Since the defendant had led no evidence at trial supporting its conclusion that Ms. Cao was unable to perform the requirements of her job and could not demonstrate to the Court that Ms. Cao had been given a fair opportunity to respond to the alleged concerns regarding her performance. The deputy judge concluded that SBLR LLP did not have just cause to terminate Ms. Cao’s employment and, further, that it had terminated her during the probationary period in bad faith. Accordingly, Ms. Cao was entitled to common law notice of termination, which the deputy judge fixed at four months.
Although this is a decision of the Small Claims Court and thus may not be given a great deal of weight by Superior Court judges, there are certain lessons that can be taken from the ruling. First, although the contract between Ms. Cao and SBLR LLP had a probationary period, the agreement did not state specifically that Ms. Cao would not receive any notice of termination if she was let go during the probationary period and it did not refer at all to the minimum standards prescribed by the ESA. Including such language in the contract would have given SBLR LLP a better defence against Ms. Cao’s claim for common law notice of termination.
Second, the deputy judge placed a great deal of emphasis on the section of the employee manual that told employees they would be given opportunities to improve poor performance. Employers must always follow their own policies and procedures as the Courts view these documents as promises you have made to your employees. If you fail to honour your own policies when dealing with employees you are at risk of being found to have acted in bad faith.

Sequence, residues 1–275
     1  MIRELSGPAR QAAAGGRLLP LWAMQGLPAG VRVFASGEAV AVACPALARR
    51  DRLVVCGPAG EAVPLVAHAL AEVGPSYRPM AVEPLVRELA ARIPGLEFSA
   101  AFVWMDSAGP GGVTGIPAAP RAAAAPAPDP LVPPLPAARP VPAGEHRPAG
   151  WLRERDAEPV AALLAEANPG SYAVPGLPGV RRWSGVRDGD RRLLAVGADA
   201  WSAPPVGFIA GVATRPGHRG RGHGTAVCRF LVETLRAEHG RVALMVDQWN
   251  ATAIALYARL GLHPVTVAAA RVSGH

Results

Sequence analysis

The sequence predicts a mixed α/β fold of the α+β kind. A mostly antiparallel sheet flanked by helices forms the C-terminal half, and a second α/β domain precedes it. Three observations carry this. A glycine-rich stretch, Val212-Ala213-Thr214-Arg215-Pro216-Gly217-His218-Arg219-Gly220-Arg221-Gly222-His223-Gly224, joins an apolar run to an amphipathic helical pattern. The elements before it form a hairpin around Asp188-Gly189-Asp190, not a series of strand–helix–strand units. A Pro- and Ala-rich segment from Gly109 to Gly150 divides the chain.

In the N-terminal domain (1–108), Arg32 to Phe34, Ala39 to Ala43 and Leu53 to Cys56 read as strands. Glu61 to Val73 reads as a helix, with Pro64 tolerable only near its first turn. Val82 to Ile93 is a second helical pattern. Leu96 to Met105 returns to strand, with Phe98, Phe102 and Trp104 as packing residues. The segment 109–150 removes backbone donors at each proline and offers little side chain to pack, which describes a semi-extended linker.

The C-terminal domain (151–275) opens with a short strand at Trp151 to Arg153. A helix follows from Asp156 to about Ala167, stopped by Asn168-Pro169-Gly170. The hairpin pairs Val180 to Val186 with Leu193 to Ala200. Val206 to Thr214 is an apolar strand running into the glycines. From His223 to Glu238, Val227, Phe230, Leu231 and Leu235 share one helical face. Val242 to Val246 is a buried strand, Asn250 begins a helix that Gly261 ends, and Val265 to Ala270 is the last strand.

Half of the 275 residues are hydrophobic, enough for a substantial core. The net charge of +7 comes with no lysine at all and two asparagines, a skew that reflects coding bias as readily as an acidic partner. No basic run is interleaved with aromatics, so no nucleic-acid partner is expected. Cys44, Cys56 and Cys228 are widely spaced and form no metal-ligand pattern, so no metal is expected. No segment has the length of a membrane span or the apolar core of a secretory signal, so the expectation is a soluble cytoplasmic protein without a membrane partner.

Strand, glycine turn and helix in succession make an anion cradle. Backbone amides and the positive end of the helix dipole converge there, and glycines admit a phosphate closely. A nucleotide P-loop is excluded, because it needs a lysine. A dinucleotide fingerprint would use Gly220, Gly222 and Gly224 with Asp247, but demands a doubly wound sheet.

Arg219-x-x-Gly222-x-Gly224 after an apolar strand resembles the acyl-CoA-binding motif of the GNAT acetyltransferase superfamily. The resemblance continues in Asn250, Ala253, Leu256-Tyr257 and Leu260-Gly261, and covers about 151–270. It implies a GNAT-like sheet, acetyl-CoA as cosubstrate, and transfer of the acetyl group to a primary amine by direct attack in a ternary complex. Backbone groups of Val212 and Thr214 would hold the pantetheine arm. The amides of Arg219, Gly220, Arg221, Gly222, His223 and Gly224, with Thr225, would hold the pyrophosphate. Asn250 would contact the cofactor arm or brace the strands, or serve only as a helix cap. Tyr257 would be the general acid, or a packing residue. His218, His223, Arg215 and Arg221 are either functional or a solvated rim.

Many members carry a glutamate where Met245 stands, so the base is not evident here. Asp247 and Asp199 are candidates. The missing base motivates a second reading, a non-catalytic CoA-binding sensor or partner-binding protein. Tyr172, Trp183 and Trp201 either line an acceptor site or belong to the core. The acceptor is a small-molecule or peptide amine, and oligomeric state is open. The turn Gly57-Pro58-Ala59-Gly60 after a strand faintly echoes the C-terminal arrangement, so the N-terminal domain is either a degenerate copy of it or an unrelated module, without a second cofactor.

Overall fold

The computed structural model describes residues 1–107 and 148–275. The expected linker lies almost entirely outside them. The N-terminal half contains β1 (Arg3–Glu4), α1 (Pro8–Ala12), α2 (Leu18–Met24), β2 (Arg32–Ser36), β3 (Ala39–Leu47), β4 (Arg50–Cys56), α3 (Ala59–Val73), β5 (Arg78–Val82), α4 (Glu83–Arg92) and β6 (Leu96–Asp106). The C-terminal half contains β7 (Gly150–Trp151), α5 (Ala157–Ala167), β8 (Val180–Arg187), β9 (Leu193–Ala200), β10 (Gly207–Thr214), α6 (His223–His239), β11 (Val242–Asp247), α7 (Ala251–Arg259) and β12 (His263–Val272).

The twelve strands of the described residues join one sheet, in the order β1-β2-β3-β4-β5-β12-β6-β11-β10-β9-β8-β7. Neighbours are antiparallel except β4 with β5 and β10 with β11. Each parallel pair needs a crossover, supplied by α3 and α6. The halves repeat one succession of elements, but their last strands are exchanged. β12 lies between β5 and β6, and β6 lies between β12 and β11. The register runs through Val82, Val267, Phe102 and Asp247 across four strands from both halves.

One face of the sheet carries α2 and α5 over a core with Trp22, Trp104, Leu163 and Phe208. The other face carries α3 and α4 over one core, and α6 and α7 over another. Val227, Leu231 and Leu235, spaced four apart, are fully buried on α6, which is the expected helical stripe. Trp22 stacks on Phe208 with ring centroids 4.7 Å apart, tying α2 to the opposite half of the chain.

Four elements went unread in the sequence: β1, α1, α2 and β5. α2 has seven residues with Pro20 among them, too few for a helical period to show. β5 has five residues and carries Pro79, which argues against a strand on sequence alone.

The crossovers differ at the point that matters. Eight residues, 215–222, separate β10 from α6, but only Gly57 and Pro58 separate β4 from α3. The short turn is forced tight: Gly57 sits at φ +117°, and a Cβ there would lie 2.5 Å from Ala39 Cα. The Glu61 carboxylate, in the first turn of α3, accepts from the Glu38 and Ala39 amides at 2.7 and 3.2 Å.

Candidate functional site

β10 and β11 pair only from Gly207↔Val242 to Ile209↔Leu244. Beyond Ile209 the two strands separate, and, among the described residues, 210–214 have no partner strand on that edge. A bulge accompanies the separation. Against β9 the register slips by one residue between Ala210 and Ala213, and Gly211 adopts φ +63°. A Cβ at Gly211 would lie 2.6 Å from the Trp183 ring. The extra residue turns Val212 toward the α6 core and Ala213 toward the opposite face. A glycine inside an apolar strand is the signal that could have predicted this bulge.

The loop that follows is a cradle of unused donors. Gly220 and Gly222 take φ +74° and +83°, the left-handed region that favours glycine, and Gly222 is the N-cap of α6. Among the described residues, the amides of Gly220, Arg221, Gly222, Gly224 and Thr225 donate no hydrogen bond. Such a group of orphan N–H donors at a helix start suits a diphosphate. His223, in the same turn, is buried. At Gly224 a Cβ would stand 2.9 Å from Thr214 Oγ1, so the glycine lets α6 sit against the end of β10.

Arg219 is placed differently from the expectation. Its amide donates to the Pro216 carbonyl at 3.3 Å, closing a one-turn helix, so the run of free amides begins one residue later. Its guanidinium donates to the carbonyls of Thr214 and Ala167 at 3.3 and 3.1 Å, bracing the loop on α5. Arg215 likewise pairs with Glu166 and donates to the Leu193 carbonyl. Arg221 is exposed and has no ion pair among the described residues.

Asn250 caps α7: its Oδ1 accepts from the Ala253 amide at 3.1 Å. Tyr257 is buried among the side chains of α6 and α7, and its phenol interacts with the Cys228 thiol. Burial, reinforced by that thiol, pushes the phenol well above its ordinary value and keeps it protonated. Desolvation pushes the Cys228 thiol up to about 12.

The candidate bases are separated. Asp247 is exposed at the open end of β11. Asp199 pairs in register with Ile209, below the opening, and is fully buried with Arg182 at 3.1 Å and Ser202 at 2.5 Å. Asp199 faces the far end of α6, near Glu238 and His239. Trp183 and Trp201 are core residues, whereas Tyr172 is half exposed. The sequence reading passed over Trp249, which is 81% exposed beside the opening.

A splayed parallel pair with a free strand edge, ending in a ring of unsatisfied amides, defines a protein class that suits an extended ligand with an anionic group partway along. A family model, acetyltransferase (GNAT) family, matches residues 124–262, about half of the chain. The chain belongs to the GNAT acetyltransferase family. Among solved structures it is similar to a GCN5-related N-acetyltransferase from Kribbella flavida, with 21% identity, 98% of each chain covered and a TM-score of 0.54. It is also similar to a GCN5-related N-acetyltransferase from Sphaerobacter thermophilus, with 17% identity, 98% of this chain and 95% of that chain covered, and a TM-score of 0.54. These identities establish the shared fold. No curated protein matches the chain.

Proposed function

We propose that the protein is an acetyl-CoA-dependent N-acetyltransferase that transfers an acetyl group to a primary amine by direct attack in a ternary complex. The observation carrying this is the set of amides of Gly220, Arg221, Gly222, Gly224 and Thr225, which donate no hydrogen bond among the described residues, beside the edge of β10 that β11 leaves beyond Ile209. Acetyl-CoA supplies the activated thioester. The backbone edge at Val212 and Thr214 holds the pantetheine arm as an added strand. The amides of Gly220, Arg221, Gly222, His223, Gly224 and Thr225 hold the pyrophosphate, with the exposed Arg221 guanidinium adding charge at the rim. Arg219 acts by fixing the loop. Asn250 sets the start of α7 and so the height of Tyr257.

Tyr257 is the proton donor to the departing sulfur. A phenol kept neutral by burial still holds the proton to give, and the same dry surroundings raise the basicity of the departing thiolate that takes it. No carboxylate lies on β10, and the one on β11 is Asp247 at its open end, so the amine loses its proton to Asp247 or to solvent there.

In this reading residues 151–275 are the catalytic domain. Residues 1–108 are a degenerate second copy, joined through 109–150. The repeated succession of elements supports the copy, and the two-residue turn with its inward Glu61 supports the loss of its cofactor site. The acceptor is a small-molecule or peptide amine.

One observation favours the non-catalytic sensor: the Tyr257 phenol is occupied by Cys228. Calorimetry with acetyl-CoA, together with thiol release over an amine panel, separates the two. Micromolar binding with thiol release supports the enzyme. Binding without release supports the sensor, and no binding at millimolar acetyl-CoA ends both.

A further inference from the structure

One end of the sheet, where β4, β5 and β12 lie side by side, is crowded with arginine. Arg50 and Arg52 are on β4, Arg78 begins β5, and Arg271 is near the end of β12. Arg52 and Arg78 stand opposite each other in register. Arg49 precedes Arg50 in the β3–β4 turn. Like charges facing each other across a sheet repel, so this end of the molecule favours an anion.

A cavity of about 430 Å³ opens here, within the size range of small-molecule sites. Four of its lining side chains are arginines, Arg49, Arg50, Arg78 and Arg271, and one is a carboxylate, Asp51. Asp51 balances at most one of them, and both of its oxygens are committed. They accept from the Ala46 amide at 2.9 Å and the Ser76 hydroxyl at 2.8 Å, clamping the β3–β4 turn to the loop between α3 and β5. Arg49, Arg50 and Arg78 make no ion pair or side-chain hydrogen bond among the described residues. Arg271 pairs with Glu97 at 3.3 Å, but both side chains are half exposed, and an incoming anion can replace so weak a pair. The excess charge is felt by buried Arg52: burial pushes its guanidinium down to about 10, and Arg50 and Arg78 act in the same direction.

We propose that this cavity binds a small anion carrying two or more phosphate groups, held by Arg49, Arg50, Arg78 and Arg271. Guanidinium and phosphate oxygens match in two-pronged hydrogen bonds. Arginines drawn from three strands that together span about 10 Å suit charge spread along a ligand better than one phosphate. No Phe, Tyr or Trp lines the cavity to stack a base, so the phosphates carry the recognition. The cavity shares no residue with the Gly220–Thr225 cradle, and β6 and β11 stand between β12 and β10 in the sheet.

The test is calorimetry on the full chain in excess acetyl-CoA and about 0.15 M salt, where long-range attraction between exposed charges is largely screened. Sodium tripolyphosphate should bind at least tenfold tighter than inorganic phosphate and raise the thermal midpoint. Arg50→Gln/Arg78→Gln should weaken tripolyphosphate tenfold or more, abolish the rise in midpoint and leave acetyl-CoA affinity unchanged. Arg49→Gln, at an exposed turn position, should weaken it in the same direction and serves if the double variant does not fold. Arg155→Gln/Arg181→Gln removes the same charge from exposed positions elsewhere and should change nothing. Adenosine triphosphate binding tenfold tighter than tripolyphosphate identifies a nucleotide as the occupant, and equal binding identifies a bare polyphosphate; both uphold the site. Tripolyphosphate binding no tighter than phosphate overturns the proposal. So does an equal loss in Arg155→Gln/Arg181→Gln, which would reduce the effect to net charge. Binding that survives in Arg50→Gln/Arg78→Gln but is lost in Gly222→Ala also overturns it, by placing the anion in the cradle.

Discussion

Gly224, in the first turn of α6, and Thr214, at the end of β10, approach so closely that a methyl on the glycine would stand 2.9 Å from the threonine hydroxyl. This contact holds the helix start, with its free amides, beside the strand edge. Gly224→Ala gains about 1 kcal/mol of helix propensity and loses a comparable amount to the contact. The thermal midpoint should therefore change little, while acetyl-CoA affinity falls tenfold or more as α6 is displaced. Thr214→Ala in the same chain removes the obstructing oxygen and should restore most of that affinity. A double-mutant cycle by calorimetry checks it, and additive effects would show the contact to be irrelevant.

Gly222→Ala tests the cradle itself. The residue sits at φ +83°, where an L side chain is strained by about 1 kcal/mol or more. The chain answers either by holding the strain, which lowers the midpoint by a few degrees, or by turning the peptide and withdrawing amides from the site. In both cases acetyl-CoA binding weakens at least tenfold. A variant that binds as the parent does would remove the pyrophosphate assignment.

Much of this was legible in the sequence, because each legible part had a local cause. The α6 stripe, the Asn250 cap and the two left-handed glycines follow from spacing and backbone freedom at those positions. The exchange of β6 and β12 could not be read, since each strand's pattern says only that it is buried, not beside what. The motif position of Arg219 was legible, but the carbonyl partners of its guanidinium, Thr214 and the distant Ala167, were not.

Third, if there are particular qualifications, skills or professional designations that you believe are essential to a job, it is advisable to refer to them in both the job posting and the offer letter. You may also wish to make the offer of employment conditional upon the applicant confirming that they do, in fact, possess the qualifications referred to in their resume.
This decision illustrates the risk of failing to communicate with your employees at all stages of the employment relationship, from hiring to firing. If Ms. Cao’s employer had clearly communicated its expectations regarding her CGA designation on hiring, had met with her during the employment relationship to communicate its concerns and then implemented the termination only after she failed to address such concerns, it is unlikely that there would have been a finding of bad faith and the company would have been in a far better position to support its just cause position. It’s also important to remember that just inserting a reference to a probationary period may not be sufficient to preclude a claim for common law notice of termination during the first three months of employment.
The content of this article is intended to provide a general guide to the subject matter. Specialist advice should be sought about your specific circumstances.